Going against the grain and pursuing a career path not expected of you can often provide all the drive you need in order to succeed and prove the naysayers wrong.
That was certainly the case for 26-year-old Alpesh Chauhan, who chose to become a conductor despite facing opposition from his Gujarati community in Birmingham.
Chauhan, who made his debut at the BBC Proms in the summer, is set to take up the position of principal conductor of the Filarmonica Arturo Toscanini in Parma, Italy, from September 2017. It follows a seven-concert tour with the orchestra where he was deemed “a genuine talent” according to newspaper La Repubblica Parma.
Chauhan told Eastern Eye: “When I was growing up, many of them (family and friends) didn’t understand it. I would even go as far as to say they didn’t accept it.
“The conversation about what I was going to do at university was always a little difficult. It would always go straight back to money. But now they are very supportive.
“It has changed from something they didn’t know if they could support to (where) they are commenting on videos and posts saying ‘congratulations, we are proud of you.’”
Chauhan was inspired to take up the cello at the age of six after seeing a teacher play the instrument during a school assembly.
He began playing in youth orchestras when he was 10 years old. He worked his way up getting a place at the reputed CBSO Youth Orchestra where he had the opportunity to work with some of the worlds greatest conductors and soloists.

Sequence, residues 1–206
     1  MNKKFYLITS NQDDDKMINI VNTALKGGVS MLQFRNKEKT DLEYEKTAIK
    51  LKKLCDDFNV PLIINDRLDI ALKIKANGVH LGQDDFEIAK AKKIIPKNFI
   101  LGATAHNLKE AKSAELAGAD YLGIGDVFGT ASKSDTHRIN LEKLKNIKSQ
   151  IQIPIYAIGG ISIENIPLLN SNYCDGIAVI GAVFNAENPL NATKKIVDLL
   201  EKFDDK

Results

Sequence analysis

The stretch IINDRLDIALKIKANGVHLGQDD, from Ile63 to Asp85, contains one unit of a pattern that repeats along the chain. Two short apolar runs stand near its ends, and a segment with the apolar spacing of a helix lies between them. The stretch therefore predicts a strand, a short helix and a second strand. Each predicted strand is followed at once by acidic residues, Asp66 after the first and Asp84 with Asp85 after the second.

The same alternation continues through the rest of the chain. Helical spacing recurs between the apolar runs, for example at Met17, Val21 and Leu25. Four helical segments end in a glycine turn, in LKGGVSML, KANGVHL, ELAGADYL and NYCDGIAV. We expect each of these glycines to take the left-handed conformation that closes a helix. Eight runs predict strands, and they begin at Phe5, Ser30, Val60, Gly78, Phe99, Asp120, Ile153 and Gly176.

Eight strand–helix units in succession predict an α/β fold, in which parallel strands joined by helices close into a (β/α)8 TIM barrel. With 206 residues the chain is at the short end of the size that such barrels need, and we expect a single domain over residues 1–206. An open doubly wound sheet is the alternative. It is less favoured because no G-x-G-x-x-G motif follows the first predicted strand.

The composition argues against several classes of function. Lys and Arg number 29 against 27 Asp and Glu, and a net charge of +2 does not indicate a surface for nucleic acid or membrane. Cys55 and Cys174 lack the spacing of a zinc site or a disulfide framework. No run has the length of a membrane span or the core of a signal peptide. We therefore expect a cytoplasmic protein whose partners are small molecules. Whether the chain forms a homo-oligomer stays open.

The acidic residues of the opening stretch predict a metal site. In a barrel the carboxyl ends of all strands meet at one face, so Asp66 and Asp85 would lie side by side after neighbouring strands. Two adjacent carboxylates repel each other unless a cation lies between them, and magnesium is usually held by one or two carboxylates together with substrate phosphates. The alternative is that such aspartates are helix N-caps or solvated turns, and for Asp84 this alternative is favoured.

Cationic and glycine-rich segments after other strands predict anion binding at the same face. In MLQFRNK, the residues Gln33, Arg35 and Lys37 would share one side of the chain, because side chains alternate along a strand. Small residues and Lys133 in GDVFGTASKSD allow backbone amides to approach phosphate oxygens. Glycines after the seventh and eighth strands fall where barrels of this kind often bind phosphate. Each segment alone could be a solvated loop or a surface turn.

Chauhan then studied the cello at the Royal Northern College of Music in Manchester at the age of 18.
“When you realise you have a passion, especially in music, you have to go out there and get it and that involves creating lots of opportunities yourself,” he said.
“I went straight into a masters [degree] in conducting and developed more skills on the box. The one thing that counts against you when you are young is experience.”
Chauhan has conducted orchestras around the world and audiences in the concert halls he performs in now include those who were initially sceptical about his career.
He believes people from all communities should be exposed to classical music from a young age.
“Some of them have never been to a concert – we’re talking about 60-year-olds with families who have never seen any classical music.
“They come to concerts and then come up to me saying, ‘we love that. We may not understand the music, but it was such a spectacle and it was so nice to hear live music’.”
Some of his recent performance highlights include concerts with the Netherlands Symphony Orchestra, BBC Symphony Orchestra and Maggio Musicale Fiorentino.
Later this month Chauhan, who is quickly rising to international prominence, will make his US debut with the Alabama Symphony Orchestra.
In the meantime, he is learning Italian through the Rosetta Stone app in preparation for his appointment in Italy.
Chauhan says his parents have always supported his musical pursuits, despite the classical music scene being “a world away from what they know”.
He reveals that his mum, who works for the Bank of India, was moved to tears following one concert when she saw her son leading the accomplished orchestra.
“They are really proud. At the beginning of the journey, when I said I was going to music college, they didn’t know where it was going to end up. But they could see the passion was there and they were never going to squash that.”